Quantitative knowledge about blood flow in tissues is crucial for evaluating health, and different methods have been applied to assess blood-tissue perfusion, such as Doppler ultrasound and laser-Doppler imaging.
Doppler optical coherence tomography (DOCT), a sophisticated non-invasive technique based on optical interferometry which can capture detailed images of biological tissues, provides the best available spatial and temporal resolution to localize and quantify blood flow.1 The first DOCT systems date back to the late 1990s, but the method has yet to find its way into clinical practice.
This may have been because of the limited reproducibility of quantitative Doppler readings caused by the early and relatively slow image acquisition rates. However, after 2003, high-speed spectral or Fourier-domain OCT (SD-OCT) started to gradually replace time-domain OCT, and comprehensive volumetric in vivo imaging allowed better diagnosis and treatment monitoring.
Retinal perfusion is uniquely accessible through the highly transparent ocular (eye) tissue. Blood flow velocity data is contained in the phase of the reconstructed sample signal and can be obtained through differential phase analysis of scans at successive depths. Detectable flow speeds are in the order of millimeters per second, and after a typical recording time of 10μs, blood has moved a distance of just 10nm. Such incredibly small distances can only be assessed in vivo using a fast and phase-stable interferometric method such as SD-OCT.
Figure 1 shows a Doppler tomogram (single image) compiled from a time-series of human retina tomogram images and demonstrates the ability of DOCT to extract perfusion-relevant parameters. Precise knowledge of the temporal behavior of blood flow allows the calculation of parameters such as the pulsatility index, which can be an early indicator of pathological changes.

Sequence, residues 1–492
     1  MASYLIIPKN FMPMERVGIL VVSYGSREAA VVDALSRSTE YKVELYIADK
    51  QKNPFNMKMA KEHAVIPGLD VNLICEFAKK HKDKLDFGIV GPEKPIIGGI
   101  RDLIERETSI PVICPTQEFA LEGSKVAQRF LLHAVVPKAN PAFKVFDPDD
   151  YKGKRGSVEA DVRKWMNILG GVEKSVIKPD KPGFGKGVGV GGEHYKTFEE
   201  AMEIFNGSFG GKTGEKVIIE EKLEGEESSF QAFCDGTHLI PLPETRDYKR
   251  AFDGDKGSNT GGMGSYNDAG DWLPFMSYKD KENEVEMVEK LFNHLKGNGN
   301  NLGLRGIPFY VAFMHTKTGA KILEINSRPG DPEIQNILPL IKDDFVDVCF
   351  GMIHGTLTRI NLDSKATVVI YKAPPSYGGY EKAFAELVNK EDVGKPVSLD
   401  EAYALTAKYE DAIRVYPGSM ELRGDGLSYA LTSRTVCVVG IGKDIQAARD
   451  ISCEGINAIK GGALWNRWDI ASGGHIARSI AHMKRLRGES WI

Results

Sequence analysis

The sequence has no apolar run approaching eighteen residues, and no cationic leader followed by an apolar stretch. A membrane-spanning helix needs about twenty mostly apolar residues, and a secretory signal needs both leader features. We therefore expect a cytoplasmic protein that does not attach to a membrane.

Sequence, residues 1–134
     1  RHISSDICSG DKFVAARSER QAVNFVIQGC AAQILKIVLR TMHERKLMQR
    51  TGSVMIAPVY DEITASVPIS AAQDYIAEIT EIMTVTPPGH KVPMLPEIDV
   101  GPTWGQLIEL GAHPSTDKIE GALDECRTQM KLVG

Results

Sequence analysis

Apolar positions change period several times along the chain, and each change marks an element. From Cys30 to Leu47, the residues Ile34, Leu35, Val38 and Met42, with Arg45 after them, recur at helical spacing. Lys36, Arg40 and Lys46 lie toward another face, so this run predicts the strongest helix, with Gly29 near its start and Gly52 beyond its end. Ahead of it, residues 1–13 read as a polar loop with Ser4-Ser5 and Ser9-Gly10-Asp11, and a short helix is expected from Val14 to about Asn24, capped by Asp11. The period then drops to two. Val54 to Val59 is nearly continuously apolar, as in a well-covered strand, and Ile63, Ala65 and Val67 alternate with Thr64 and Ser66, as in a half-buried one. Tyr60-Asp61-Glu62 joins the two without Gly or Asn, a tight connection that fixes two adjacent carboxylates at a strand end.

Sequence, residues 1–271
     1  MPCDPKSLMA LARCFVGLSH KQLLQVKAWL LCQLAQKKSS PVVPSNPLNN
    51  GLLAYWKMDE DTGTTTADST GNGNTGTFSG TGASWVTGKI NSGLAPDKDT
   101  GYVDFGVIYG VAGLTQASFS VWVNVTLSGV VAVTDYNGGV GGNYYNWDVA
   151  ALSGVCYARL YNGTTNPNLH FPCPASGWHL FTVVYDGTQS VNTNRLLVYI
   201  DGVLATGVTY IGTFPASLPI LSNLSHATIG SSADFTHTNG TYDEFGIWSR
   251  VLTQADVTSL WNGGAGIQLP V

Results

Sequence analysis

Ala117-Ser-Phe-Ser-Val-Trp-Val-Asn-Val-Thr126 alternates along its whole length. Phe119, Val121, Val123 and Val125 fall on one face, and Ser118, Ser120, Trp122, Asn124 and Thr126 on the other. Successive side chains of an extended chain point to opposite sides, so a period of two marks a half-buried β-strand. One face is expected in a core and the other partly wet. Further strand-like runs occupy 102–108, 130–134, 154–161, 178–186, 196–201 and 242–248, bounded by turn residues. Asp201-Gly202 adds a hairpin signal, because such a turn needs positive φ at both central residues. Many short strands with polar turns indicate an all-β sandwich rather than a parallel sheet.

Figure 1. DOCT tomogram of retinal volume time series shows branching capillary recorded at 13 volumes per second (scale approx 300×200×600μm).
Applying novel complementary metal-oxide semiconductor (CMOS) detector imaging technology, we recently captured retinal bed flow dynamics at a line rate of 200kHz and a volume repetition rate of 13 per second, as shown in Figure 2.2 The high speed is a drawback because the higher the speed, the less sensitively flow can be quantified. This is important for flat vessel beds perpendicular to detection direction, and for assessing flow in small capillaries. To quantitatively visualize flow dynamics of full retinal volumes, we developed a method that takes advantage of the pulsatile behavior of blood flow. Using a plethysmograph, an instrument for measuring changes in volume, we recorded several tissue volumes synchronously with the heartbeat at a line-rate of 60kHz. During post-processing, we were able to re-order the tomograms that constitute a single volume according to the heartbeat phase at which they were acquired, and obtained several new volume-flow maps for each given pulse phase. Such a map now allows investigation of flow dynamics within full tissue volumes. Figure 3 demonstrates the retinal projections of volume flow at the systolic and diastolic phase of the heart cycle.
Figure 2. Doppler tomogram of retinal vessels (top). Region of interest indicates vessel cross section (bottom right). Summation over the velocities within cross section yields pulsation curve (black) that is proportional to volume flow over time and can be compared to a simultaneously recorded pulse oximeter reading (red curve). Systolic (red line), diastolic (blue line) and average (green line) values can be used to define angle independent flow parameters analogous to Doppler ultrasound, e.g. pulsatility index PI=(systole-diastole)/average (bottom left).
Figure 3. 3D-rendered retinal volume SD-OCT data taken at the nervus opticus (top) and projection maps of quantitative volume flow data at systolic and diastolic pulse phase (bottom). pos: Positive. neg: Negative.
Today, a variety of methods exist to measure quantitative and qualitative tissue perfusion that await clinical validation. Blood flow imaging gives direct access to tissue physiology and patho-physiology, as well as the dynamic interplay between tissue structures. Our continuing research, and that of several other international research groups, should enhance and refine existing diagnostics instrumentation in the near future.
Funding from the EU FP7-HEALTH program (FUN-OCT) and scientific contribution from Tilman Schmoll and Christoph Kolbitsch are acknowledged.
Rainer A. Leitgeb
Center of Biomedical Engineering and Physics
Medical University of Vienna
Rainer Leitgeb is a physicist specializing in coherent imaging techniques and advanced microscopy. He researches modern techniques of Doppler tomography and is actively working in the functional imaging of tissue physiology.